Nutritional   Diet options that support your condition
Physical Support with pain, fatigue, and nausea
Emotional  Stress management, counseling, or light physical activities that help you manage anxiety or depression associated with cancer 
Financial  Help you understand the cost of treatment, applying for disability or medical leave, or explaining insurance options 
Social Learn how to talk to your loved ones about your condition or ask for support 
Spiritual/communal  Work with a faith community or support group to help you find meaning 

Treatments for Small Cell Lung Cancer by Stage

SCLC grows faster and is more aggressive than NSCLC. For this reason, healthcare providers don’t stage this type of lung cancer the same way as NSCLC. Instead, they divide SCLC into categories: limited stage and extensive stage.

Treatments for Limited Stage 

If you are in the limited stage, your cancer is only present in one lung. Your care team can recommend treatment options such as: 

  • Lobectomy surgery:  Removes the part of the lung where the cancer cells or tumor(s) are located
  • Chemotherapy: Used after surgery to kill off any remaining cancer cells 
  • Radiation: Prevents the cancer from spreading to major organs (e.g., heart or brain) by shrinking the size of the cancer cells or tumor(s)

It is also common to alternate chemotherapy and radiation treatment after surgery to further prevent the spread of the disease. 

Treatments for Extensive Stage 

If you receive an extensive stage SCLC diagnosis, the cancer has spread to both lungs, nearby lymph nodes, and other organs. This stage of SCLC is even more aggressive than limited stage—therefore, treatment options may be limited. In most cases, your care team may recommend chemotherapy, radiation therapy, and palliative care.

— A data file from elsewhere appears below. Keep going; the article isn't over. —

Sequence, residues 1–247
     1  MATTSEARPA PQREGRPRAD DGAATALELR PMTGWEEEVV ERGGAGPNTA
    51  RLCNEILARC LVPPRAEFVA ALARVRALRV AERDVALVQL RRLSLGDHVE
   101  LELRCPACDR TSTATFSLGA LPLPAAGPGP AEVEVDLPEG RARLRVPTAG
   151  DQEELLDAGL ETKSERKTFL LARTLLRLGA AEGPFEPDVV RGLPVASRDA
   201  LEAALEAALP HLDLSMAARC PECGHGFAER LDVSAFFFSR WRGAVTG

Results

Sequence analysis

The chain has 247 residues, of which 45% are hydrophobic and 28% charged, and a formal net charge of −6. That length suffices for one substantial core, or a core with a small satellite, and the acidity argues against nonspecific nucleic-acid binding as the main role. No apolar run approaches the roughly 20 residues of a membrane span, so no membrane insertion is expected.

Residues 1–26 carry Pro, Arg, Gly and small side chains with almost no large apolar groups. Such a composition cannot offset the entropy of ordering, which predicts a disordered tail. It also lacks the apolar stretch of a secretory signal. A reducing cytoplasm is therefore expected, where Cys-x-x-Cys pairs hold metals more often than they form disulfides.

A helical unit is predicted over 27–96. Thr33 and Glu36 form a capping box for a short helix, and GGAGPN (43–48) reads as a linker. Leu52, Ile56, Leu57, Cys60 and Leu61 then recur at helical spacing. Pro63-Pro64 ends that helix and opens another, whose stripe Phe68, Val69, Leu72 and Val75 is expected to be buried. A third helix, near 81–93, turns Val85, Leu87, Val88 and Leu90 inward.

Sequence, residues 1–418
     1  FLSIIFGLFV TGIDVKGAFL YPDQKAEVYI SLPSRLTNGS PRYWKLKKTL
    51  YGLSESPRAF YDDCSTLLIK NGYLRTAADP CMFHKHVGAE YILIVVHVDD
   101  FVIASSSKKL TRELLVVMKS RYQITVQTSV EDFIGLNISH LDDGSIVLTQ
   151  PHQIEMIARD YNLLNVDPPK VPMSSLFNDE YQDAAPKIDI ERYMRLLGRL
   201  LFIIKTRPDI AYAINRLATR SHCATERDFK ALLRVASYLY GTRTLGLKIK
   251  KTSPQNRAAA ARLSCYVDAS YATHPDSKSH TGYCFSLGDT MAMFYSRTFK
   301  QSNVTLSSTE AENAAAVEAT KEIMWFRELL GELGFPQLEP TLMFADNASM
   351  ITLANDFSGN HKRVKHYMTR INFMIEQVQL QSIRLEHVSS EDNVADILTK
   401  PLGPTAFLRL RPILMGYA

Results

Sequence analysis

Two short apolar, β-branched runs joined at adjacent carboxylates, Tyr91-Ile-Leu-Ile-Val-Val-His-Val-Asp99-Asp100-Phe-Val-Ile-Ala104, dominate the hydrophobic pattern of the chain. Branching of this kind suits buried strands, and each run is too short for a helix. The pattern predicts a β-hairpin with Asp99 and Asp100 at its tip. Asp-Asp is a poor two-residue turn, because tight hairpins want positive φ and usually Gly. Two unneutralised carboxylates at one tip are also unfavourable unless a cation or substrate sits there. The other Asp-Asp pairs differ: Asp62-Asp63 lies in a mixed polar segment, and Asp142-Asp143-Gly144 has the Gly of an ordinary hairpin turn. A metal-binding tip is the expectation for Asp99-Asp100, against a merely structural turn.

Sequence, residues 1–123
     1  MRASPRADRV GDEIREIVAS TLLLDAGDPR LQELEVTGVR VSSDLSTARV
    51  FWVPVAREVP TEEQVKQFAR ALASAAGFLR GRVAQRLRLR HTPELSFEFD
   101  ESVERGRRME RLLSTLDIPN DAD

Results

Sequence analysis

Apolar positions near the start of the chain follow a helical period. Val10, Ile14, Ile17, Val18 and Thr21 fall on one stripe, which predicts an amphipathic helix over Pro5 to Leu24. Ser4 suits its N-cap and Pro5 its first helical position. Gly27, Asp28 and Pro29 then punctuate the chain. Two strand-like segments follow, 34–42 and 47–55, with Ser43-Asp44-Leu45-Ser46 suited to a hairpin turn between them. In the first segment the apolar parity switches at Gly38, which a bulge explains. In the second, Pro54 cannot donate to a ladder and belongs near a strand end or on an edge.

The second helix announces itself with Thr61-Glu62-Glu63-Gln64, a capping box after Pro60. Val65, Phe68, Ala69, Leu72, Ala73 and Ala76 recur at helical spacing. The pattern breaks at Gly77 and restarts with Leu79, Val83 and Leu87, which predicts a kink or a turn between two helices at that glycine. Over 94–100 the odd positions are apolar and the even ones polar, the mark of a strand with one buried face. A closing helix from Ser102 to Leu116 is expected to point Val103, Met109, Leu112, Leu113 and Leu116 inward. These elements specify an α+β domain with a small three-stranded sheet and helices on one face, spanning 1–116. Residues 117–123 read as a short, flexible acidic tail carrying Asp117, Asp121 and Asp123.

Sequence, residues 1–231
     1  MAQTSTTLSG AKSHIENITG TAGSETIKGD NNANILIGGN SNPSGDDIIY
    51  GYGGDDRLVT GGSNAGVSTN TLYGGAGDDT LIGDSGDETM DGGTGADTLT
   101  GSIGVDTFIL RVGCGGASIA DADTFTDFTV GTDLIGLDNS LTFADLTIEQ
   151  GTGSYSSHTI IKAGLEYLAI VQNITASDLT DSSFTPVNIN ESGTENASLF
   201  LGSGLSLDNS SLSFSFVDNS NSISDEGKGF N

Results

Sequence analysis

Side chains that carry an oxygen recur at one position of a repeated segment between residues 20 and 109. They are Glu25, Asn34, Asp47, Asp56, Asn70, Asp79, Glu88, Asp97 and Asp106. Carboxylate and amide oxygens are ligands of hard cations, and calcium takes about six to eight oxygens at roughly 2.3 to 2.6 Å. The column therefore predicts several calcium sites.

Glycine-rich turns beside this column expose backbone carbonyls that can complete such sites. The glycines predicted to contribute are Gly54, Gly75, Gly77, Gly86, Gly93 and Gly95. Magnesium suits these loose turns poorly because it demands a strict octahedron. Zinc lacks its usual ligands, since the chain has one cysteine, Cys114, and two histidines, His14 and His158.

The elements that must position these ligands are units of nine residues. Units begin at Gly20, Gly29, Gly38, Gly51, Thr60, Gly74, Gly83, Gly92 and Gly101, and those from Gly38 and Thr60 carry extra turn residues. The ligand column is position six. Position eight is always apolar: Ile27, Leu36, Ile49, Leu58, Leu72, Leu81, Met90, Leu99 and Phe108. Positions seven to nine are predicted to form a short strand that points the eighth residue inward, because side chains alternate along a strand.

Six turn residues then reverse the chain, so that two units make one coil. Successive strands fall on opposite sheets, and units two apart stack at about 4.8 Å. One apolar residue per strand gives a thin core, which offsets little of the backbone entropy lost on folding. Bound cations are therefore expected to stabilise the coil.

A newer form of treatment for extensive-stage SCLC is called immune checkpoint inhibitor (ICI) combination therapy. ICI is a drug therapy that attacks tumor cells in your immune system, which is done to improve the immune system’s ability to kill cancer cells. 

There are several ICI treatments available and your care team is in the best position to recommend which drug therapy is best for your condition.

Living With and Managing Lung Cancer 

If you receive a lung cancer diagnosis early, you often have the best chance of curing your condition. But a later diagnosis doesn’t mean treatment is not available—it just means you may need to use other forms of treatment. Research on additional cancer treatments is still in progress. If treatment is not working for you, you may want to ask your care team about clinical trials for new treatment approaches. 

In addition to medical treatment, you may also want to incorporate lifestyle changes that support your condition and overall well-being. Some options include:

  • Getting good sleep and resting throughout the day